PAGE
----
Financial Secretary Paul Chan will deliver his latest budget at Legco on Wednesday, where he's expected to announce the SAR's first fiscal deficit in 15 years.
Chan has warned that the shortfall – driven by the fallout from the coronavirus epidemic, and coming on the heels of the months-long anti-government protest movement – is likely to become the largest ever.
And with the financial secretary's earlier remarks that the deficit wouldn't top three percent of GDP, that would put it in the region of HK$60 billion to HK$80 billion.
That's slightly more pessimistic than what experts are forecasting for this year. The "Big Four" accounting firms are predicting deficits between HK$38 billion and HK$70 billion – with reduced tax and land-sales revenues dragging income down, while tens of billions of dollars in relief measures drives expenditure up.
In any case, this will be the city's first deficit in 15 years, and a far cry from the nearly HK$20-billion surplus that was predicted just 12 months ago.
More than six months of sometimes-violent anti-government protests coincided with global economic uncertainty – and all that was followed by the coronavirus epidemic, which has devastated the retail, tourism and catering industries.
Despite what could be a record-breaking deficit, analysts say the SAR remains in a healthy position because of its huge reserves.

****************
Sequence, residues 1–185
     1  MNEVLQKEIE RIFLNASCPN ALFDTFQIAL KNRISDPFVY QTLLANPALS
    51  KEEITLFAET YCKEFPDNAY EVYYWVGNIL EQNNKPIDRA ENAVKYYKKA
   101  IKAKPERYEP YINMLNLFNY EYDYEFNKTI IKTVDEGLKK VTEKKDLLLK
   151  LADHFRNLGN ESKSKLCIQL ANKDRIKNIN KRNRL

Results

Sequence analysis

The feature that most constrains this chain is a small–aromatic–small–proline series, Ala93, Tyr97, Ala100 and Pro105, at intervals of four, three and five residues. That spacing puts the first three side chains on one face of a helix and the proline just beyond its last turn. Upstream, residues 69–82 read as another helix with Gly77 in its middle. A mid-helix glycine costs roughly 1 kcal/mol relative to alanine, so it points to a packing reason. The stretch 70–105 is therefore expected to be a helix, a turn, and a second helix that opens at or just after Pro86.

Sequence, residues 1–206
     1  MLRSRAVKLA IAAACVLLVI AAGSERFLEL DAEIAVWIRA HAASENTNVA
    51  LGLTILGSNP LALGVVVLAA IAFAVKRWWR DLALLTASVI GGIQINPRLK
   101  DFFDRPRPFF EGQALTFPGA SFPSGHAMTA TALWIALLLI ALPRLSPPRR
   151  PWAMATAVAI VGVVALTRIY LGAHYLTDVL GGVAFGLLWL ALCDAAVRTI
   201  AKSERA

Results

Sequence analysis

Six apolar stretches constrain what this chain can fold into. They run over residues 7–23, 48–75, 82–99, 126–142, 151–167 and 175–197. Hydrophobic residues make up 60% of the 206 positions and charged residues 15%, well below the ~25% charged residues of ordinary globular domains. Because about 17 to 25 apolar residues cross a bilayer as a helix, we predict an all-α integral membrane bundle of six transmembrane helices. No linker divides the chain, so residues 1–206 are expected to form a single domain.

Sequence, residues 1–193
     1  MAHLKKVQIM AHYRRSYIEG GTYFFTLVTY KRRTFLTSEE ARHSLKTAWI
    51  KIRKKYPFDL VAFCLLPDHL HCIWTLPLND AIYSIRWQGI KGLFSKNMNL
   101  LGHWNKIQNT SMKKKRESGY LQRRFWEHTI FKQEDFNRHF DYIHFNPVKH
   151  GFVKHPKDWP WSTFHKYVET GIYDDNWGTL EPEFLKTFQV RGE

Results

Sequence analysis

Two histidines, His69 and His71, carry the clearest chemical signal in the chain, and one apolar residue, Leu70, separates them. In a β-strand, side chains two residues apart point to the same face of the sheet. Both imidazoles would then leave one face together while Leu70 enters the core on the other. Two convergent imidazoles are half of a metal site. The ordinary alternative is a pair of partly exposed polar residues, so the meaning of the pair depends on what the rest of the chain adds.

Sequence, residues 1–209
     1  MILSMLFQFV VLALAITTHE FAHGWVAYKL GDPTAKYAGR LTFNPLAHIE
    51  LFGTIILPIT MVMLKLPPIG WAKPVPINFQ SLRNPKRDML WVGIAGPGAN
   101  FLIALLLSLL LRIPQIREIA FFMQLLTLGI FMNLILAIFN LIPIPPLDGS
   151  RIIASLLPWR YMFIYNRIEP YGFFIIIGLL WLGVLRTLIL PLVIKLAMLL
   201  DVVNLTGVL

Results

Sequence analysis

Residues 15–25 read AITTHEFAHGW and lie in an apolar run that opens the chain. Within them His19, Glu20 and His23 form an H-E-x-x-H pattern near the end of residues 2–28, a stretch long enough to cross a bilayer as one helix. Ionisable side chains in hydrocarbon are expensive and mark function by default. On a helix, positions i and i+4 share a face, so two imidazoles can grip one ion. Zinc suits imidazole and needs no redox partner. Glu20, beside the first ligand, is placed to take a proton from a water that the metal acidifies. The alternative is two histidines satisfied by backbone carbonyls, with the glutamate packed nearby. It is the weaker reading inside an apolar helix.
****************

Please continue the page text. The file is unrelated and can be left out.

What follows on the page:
There have been vocal and repeated calls from across the political spectrum to dip into those reserves, and to augment the government's HK$30 billion coronavirus-relief package with a HK$10 thousand dollar cash handout to help local residents weather the current economic storm.
The anti-epidemic fund already provides support for medical workers, retailers, restaurants, as well as students.
But there have also been calls for tax breaks, rent waivers, and funding to support people laid off because of the epidemic.
However, in a blog post at the weekend ahead of today's budget, the finance minister appeared to be lowering expectations.
He says because of limited government resources, his budget can't satisfy everybody – and priority should be given to supporting businesses and protecting jobs.
Deficit certain, sweeteners unlikely in budget
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